I want to save Polar Bears from extinction because they are at extreme risk from in the habitat melting down from the heat of global warming. This is making it hard for the bears. They also face a dangerous disease which come from seals when they consume them.

My goal for this campaign is to save the polar bears from extinction.  I want to help save the polar bears because they are a unique animal that future generations need to look after. Climate change is depleting their population because they are losing habitat from the ice melting and food supply is getting harder to get to because of this. Raising awareness about this issue may help save the species.

This is important because Polar bears are at the top of the food chain and have an important role in the overall health of the marine environment. Over thousands of years, polar bears have also been an important part of the cultures and economies of Arctic peoples.

Every year the polar bears are forced to abandon their habitat, sea ice, and retreat to a land refuge where there is next to nothing for them to eat.

On rare occasions, males kill other males while competing for mates. Males also periodically kill females protecting cubs. Their motives aren't clear, but in some cases part of the carcasses have been eaten, so extreme hunger could be an explanation.

Polar bears are at the top of the food chain. This means that the polar bear has no predators, but only has prey. Polar bears eat seals, small whales, fish, walruses, sea birds and their eggs. The reason why polar bears are important to the ecosystem is because polar bears keep the balance of seals and other prey by from over populating. So if polar bears decrease in population, then the seals' population will increase and so the seals' prey will soon run out and then be extinct.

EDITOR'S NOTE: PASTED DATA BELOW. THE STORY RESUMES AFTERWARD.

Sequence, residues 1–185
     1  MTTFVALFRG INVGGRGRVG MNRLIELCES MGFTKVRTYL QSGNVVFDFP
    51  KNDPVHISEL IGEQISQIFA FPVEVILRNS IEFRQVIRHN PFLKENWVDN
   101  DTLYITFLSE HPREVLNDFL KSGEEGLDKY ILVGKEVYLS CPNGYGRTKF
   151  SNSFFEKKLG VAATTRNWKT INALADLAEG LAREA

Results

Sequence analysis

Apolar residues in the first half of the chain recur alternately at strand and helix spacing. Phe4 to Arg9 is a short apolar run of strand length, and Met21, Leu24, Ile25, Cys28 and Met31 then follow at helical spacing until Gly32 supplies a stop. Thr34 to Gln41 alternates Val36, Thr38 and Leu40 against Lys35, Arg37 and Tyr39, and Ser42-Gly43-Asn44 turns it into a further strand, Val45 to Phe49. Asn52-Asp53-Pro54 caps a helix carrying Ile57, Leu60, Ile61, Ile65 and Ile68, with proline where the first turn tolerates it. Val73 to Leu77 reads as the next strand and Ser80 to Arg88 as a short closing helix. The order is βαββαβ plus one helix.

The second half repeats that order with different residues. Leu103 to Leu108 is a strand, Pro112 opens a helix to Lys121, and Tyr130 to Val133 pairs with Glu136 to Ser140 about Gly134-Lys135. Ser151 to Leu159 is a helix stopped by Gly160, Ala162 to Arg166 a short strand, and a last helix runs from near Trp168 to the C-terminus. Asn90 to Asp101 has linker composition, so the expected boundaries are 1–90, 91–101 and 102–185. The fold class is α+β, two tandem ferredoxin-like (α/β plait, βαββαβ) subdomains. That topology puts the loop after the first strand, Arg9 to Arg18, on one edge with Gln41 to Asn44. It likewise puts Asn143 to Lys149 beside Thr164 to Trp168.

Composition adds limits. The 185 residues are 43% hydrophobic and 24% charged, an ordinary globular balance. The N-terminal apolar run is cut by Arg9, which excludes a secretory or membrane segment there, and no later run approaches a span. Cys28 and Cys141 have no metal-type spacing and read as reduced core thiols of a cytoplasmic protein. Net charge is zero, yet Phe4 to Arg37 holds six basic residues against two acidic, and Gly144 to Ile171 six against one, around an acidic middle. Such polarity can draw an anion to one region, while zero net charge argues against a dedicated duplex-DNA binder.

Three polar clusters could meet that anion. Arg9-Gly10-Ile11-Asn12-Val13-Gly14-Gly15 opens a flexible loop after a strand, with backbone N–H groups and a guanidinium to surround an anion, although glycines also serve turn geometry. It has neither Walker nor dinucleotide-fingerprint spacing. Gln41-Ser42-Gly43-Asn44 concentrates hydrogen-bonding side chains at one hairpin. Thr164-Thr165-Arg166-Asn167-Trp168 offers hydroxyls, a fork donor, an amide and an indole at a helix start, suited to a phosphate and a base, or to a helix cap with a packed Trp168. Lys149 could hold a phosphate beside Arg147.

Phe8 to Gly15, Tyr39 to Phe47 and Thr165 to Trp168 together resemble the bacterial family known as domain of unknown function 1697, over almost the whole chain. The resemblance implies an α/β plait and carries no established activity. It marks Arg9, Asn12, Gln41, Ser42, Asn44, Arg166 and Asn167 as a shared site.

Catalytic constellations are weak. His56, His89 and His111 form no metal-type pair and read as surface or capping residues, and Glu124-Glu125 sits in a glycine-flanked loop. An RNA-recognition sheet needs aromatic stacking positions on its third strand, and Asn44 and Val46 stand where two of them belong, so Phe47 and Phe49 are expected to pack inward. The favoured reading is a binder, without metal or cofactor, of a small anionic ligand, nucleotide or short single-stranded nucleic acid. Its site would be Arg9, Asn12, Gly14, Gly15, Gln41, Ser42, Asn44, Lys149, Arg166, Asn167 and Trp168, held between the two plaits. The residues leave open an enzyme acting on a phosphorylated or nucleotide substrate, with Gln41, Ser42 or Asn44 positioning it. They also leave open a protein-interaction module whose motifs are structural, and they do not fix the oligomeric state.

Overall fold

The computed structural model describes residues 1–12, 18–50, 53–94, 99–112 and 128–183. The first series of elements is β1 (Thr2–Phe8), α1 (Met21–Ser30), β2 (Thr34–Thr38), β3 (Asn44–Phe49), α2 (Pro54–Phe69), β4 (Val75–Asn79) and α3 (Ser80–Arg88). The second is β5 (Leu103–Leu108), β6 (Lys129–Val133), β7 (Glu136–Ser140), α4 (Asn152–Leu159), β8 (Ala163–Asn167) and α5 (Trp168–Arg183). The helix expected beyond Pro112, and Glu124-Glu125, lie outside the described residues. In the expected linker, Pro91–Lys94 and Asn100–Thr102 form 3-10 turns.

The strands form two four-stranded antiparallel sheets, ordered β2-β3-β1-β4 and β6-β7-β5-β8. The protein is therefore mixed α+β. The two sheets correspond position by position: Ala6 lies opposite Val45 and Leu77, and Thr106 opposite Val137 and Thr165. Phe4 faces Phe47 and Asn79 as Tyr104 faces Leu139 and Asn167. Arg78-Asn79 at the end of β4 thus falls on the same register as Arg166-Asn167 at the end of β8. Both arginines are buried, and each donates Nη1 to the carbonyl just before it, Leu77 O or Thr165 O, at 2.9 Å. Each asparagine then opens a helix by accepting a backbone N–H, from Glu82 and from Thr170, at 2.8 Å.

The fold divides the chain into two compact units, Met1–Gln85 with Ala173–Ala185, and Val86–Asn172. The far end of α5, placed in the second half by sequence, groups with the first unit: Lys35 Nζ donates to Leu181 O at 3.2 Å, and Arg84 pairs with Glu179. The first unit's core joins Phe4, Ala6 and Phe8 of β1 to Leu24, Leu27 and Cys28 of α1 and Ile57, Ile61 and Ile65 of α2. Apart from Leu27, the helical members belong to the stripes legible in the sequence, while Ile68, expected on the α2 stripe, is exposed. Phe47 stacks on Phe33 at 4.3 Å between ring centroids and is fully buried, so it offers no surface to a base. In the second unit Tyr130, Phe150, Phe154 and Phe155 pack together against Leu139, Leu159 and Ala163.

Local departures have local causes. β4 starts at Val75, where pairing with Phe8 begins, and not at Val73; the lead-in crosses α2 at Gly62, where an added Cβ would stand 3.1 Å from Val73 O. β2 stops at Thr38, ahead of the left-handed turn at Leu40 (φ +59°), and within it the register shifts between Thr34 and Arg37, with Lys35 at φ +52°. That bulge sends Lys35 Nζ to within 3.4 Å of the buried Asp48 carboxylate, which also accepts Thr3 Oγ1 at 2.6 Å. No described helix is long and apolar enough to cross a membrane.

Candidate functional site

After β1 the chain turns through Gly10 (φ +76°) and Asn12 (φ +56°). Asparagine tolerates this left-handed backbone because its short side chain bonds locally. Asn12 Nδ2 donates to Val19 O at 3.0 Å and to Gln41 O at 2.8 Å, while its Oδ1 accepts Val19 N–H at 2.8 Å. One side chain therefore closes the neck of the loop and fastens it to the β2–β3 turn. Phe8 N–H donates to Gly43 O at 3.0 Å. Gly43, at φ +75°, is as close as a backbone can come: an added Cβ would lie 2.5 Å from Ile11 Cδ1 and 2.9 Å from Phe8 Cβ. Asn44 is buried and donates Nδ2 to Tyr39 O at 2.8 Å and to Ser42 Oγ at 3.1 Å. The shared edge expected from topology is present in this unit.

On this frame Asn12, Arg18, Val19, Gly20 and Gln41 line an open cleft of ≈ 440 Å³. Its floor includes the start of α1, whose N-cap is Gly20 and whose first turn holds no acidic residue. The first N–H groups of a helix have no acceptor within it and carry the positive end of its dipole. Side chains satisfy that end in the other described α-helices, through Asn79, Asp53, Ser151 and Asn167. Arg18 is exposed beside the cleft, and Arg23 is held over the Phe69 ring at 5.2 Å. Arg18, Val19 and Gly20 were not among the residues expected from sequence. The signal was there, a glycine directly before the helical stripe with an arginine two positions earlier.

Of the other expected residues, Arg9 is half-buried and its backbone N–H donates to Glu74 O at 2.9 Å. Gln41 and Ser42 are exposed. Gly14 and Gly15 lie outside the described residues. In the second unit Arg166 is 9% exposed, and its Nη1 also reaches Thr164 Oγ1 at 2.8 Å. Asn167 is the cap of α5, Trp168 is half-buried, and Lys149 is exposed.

Change is definitely needed because the Intergovernmental Panel on Climate Change estimates that around the world glaciers (excluding the Greenland and Antarctic ice sheets) will decrease in volume between 15 to 55 percent by 2100 even if we are able to limit global warming to under 2˚C; they could shrink up to 85 percent if warming increases much more.

The rate of change that we see at the moment, recorded most directly and visibly by mountain glaciers, is way, way, way faster than it was at the end of the ice age," said Schaefer. "What we have seen over the last 150 years, all over the planet, is that these mountain glaciers record a retreat corresponding to 1˚ to 1.5˚C warming over 150 years, with the biggest part of that retreat happening over the last decade. The speed with which these glaciers are retreating has exponentially speeded up…and if you compare the rate of change, nothing ever happened like that in the geological past.

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